Aston Martin wants to supercharge traditional mirrors, bringing along a prototype DBS Superleggera to CES 2020 with a custom camera system that promises a far better view around the car. The camera monitoring system doesn’t replace the traditional mirrors altogether – something that US regulations doesn’t allow for yet, even if the automaker wanted to – but augments them with a digital upgrade.
So, inside each side mirror, there’s also a camera watching the blind-spots of the six-figure coupe. A third camera is mounted on the roof, giving a view of the rear of the car.
Replacing the rear view mirror with a camera isn’t exactly new: indeed, you can buy several cars on the market today that offer the ability to flip between a traditional glass mirror and a feed from a camera mounted at the back of the vehicle. Where Aston Martin’s system differentiates itself, though, is how it blends together the video from multiple cameras into a single perspective.
As you’d expect, you’ll be able to have the rear view mirror display just a view from the roof camera. That replicates a traditional mirror, only without any intrusions from what’s behind you and the road. Given supercars are notorious for having interrupted sight-lines and generally poor visibility thanks to their low height, that could be a big benefit.
Added to that, though, is the ability to factor in views from the side of the car, too. That comes courtesy of the side mirror cameras, with the Gentex-developed software baking a composite view for the driver. You could have, for example, the majority of the display taken up with the roof camera, with insets of the side cameras on the edges.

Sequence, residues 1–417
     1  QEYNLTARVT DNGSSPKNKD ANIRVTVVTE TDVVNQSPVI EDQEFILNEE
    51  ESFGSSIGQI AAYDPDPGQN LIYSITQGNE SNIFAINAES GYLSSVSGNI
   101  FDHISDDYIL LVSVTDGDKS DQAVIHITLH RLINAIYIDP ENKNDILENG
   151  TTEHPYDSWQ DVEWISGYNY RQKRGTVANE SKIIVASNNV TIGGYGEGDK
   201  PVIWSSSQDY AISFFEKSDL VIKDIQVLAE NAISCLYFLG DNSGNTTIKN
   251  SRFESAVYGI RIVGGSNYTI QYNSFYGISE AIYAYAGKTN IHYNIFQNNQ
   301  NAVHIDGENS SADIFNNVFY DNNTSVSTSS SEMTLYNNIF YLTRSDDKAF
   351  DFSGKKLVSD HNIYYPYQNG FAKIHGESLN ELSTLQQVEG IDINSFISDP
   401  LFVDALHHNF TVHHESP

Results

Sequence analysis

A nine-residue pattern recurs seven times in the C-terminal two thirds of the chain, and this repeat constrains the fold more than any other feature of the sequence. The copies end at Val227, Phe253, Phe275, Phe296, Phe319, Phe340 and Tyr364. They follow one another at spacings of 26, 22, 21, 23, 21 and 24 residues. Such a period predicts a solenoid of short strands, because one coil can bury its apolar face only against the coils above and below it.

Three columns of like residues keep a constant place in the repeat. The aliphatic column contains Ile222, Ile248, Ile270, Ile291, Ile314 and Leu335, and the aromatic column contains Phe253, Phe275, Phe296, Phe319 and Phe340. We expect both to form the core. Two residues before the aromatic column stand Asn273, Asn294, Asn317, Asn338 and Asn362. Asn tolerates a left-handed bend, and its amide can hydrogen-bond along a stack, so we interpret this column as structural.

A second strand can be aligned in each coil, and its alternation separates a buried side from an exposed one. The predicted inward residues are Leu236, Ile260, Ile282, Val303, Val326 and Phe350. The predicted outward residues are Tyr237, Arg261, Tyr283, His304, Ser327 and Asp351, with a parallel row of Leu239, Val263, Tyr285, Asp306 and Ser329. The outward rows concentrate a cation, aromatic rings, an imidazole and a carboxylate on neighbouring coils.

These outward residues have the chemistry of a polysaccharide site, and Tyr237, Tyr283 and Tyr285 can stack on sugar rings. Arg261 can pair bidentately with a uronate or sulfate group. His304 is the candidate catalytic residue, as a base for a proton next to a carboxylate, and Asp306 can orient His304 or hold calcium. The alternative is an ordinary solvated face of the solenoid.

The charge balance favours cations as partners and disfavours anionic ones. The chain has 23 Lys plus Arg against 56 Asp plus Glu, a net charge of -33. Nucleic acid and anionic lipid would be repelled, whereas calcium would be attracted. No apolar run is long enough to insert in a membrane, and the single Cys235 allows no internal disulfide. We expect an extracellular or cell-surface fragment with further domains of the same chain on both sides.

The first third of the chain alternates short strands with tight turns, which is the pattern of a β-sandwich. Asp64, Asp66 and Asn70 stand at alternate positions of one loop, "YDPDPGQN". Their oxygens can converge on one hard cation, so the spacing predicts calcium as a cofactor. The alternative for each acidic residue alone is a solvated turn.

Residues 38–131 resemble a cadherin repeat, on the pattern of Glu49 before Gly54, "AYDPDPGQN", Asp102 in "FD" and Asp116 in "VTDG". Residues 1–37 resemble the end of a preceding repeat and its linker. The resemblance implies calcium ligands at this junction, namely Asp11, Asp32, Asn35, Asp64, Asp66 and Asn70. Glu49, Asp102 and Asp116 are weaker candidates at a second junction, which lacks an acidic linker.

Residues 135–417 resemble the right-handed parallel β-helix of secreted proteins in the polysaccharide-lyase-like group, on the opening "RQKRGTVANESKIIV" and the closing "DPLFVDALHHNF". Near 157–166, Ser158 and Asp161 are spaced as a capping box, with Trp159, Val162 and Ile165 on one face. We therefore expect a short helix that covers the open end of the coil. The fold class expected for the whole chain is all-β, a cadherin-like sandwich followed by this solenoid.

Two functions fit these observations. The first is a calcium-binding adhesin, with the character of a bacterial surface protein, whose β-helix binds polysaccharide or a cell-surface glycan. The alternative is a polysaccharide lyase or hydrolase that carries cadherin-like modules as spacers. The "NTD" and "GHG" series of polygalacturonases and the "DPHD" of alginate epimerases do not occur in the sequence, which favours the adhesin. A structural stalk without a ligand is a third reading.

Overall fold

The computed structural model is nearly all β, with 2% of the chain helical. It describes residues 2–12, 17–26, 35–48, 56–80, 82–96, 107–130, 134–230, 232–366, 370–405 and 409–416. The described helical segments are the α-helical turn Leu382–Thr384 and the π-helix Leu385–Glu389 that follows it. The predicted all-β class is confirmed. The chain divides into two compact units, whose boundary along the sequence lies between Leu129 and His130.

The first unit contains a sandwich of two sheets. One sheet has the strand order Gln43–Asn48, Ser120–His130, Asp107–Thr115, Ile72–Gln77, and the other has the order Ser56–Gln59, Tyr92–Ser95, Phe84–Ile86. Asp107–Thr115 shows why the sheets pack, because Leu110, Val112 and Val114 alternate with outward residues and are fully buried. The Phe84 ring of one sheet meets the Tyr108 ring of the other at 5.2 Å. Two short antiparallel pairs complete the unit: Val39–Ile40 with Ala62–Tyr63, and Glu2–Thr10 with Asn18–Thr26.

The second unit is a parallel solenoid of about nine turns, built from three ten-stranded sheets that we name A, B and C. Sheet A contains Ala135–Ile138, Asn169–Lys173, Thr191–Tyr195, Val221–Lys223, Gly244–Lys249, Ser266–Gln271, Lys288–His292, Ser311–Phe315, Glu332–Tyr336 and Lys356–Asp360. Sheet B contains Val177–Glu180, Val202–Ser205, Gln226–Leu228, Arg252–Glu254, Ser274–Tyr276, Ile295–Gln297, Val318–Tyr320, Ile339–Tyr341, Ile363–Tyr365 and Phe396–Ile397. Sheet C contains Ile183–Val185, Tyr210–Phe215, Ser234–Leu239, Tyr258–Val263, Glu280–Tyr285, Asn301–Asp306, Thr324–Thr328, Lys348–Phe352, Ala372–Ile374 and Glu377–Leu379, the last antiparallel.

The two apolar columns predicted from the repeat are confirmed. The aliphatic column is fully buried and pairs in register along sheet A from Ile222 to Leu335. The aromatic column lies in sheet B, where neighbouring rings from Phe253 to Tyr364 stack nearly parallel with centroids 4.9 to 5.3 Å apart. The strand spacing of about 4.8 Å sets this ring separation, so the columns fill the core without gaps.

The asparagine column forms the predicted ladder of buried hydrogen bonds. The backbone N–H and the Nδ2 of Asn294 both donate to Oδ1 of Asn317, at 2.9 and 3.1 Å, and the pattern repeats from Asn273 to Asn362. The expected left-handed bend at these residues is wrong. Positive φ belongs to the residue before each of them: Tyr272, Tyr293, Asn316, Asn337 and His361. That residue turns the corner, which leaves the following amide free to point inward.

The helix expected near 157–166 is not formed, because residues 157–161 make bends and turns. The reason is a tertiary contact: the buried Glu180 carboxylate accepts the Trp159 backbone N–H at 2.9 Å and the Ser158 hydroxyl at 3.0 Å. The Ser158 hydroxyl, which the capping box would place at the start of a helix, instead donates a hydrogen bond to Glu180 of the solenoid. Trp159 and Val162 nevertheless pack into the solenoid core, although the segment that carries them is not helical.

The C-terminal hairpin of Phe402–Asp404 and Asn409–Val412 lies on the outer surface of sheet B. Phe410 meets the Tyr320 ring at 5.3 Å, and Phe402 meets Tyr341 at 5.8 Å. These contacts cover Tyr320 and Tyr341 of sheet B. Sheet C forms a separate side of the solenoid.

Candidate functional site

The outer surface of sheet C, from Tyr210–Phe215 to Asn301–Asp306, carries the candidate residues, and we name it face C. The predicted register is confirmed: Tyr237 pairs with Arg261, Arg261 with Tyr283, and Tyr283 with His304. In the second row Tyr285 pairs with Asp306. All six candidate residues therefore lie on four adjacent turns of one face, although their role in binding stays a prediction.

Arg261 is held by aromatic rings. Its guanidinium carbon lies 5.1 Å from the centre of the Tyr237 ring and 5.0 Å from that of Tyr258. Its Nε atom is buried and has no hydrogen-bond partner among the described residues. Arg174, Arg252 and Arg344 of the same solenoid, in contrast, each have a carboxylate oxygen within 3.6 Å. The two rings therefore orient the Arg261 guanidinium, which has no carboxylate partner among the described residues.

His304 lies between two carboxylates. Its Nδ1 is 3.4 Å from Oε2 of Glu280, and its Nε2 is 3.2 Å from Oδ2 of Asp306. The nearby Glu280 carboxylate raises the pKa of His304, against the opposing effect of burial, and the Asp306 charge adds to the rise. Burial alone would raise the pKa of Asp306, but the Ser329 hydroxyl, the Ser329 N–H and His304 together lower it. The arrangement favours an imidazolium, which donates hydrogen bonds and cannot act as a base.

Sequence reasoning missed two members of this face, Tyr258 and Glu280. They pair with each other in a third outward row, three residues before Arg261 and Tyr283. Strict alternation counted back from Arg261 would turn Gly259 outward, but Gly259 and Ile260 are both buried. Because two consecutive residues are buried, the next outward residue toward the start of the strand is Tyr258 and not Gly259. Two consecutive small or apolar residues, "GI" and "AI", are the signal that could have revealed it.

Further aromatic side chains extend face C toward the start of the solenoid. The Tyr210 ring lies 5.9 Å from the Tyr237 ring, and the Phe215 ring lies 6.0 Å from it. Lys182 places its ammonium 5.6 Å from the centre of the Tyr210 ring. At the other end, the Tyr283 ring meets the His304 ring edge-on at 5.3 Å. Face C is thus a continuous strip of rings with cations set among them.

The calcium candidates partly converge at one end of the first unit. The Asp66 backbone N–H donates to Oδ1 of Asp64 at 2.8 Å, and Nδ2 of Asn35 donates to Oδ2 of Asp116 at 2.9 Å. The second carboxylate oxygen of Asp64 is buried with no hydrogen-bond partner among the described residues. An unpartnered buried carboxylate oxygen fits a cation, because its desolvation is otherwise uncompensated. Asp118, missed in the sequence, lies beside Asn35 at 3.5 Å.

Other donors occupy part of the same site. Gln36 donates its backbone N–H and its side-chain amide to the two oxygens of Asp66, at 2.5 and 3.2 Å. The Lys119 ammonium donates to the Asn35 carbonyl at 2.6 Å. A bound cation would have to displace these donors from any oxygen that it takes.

By combining both physical and virtual mirrors, Aston Martin neatly sidesteps the regulatory hurdles other attempts to give vehicle visibility an upgrade have encountered. Audi, for example, wanted to do away with the side-mirrors on its e-tron electric SUV, and indeed in Europe there’s the option to replace the glass with cameras. Current laws in the US, however, demand glass mirrors be present.
The cameras and glass on the DBS Superleggera prototype are designed to work in tandem. Adjust the mirror physically, and the view from the camera adjusts too. As for the internal display, that can work both as a standard, auto-dimming mirror, or as an LCD.
The screen itself has already been used in the Aston Martin DBS GT Zagato, a limited run of super-exclusive coupes, though only to beam a view from a rear camera to the driver’s eye-line. It’s unclear when – or indeed if – the automaker will offer this triple camera system on a production car.